You cannot make everybody happy, a wise saying goes – you are not a taco. That said, we’ve found that some tacos can make people happier than others. Here are a few:
Puesto Mexican Artisan Kitchen & Bar
Los Olivos Marketplace
Distinctive Mexico City-inspired tacos at Puesto layer stone-ground blue-corn tortillas with crispy melted cheese and toppings.
Diners mix and match tacos such as the Filet Mignon, Tamarindo Shrimp and vegetarian Verduras.
“Each taco has its own toppings, marinades and salsas,” notes chef Luisteen Gonzalez, who oversees nine Puestos with “tacoteur” Eric Adler and Forbes 30 Under 30 entrepreneur Alexander Adler.
“We speak fresh,” Gonzalez says in Spanish, then continues in English.
“When you work with great ingredients, and you do it with heart and passion, everything can be possible.”
The Market Place
Owner-chef Ivan Calderón has a zeal for ancestral recipes. “I am a native Mexican and very proud,” says Calderón, who has a half-dozen taco-driven, conscientiously sourced eateries. He adds his own nouvelle touches to the tacos.
Standouts include Chile Relleno Tacos – chilaca peppers stuffed with panela cheese and topped with spinach, zucchini, sweet pepper, and roasted corn – and, his favorite, Blackened Calamari Tacos with chipotle aioli.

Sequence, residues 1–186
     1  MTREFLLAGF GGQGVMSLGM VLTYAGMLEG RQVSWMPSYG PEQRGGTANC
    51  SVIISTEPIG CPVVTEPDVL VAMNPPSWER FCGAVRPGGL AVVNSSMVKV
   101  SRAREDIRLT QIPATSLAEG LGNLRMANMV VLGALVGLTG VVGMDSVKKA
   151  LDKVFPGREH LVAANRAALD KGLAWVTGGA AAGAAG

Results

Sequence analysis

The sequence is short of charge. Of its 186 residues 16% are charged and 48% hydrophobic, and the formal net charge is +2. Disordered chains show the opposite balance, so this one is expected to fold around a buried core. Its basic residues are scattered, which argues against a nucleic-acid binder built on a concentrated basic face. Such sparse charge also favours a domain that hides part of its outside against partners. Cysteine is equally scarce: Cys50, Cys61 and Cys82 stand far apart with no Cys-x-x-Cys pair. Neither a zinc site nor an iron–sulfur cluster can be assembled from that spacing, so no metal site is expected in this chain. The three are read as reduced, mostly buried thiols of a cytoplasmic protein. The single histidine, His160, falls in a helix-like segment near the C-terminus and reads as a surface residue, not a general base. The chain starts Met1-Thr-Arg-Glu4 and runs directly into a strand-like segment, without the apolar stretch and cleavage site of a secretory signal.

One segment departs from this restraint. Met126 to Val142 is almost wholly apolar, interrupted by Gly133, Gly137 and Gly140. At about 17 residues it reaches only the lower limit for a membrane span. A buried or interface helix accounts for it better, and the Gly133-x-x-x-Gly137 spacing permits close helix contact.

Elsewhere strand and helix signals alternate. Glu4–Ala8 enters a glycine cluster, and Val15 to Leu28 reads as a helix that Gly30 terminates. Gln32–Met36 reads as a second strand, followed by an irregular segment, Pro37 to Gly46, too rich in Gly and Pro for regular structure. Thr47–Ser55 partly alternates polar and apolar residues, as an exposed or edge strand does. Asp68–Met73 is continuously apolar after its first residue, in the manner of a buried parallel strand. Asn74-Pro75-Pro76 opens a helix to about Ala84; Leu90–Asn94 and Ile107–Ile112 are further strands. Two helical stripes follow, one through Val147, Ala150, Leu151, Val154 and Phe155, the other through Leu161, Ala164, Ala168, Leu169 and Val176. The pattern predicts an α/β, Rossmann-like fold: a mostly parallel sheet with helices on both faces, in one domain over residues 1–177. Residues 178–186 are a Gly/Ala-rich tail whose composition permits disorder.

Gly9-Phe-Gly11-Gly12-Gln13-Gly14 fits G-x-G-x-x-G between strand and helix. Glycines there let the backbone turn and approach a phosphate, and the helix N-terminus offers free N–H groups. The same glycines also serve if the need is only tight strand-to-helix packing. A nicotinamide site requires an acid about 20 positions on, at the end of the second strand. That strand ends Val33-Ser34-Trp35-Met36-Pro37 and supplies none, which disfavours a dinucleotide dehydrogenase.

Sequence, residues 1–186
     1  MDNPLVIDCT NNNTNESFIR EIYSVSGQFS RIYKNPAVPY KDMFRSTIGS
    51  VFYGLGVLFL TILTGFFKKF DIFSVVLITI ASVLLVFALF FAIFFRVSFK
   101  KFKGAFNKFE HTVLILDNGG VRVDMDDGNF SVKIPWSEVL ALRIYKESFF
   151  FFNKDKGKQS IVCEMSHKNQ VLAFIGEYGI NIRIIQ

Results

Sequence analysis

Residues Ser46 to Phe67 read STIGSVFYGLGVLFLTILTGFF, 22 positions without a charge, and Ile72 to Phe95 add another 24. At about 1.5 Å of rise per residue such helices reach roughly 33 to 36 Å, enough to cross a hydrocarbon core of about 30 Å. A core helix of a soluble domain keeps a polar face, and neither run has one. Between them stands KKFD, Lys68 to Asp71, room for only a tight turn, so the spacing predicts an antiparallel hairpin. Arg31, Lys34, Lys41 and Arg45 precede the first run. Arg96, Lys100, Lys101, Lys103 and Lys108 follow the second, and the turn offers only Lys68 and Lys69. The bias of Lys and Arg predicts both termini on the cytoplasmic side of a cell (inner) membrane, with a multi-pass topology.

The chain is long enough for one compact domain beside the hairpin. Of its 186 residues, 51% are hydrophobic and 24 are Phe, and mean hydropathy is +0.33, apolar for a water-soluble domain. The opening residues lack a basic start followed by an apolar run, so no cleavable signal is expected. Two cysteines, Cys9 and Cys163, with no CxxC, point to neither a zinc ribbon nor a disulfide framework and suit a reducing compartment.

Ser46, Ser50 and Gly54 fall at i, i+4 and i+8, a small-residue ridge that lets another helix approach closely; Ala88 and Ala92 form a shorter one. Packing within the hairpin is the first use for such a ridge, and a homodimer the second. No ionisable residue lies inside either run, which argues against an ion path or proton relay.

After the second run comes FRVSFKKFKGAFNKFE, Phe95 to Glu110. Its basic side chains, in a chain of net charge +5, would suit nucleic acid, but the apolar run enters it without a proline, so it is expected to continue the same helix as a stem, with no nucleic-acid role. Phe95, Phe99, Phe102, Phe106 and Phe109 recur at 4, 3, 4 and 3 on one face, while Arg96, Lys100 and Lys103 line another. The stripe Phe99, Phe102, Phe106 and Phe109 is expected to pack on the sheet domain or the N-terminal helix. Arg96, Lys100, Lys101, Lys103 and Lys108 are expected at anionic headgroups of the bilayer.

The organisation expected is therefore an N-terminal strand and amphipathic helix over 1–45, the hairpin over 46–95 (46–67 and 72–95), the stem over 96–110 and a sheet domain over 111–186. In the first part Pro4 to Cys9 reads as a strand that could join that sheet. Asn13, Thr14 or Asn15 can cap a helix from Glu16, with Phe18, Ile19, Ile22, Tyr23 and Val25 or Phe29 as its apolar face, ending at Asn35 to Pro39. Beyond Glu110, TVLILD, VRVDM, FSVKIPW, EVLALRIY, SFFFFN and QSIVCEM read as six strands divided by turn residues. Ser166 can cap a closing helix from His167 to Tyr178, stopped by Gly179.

Inspired by ancestral underground cooking, he offers an elaborate barbacoa blue-corn taco popup for special events; the beef is adobo-marinated overnight, wrapped in maguey leaves, seared, then cooked for 10 hours.
Tacos & Company
University Park Center and Sand Canyon Plaza
Soft taco or hard, small taco or Grandissimo ….
You’ve got choices at Tacos & Company. Six fast-casual spots include one at University Park Center, in its 25th year, and Sand Canyon Plaza, in its 10th year.
Michoacán-born owner Francisco Hernández ventures beyond regional Mexican fare.
“We’ve adapted,” Hernández says. “Irvine has large Indian and Middle Eastern communities. We offer shakahari dishes, stricter than vegan, and halal preparations when we cater.”
But most recipes haven’t changed. “My mom’s taco was simple – a corn tortilla smeared with beans, whatever meat and salsa fresca. That’s our Grande. The only difference is the customers put the salsa on themselves.”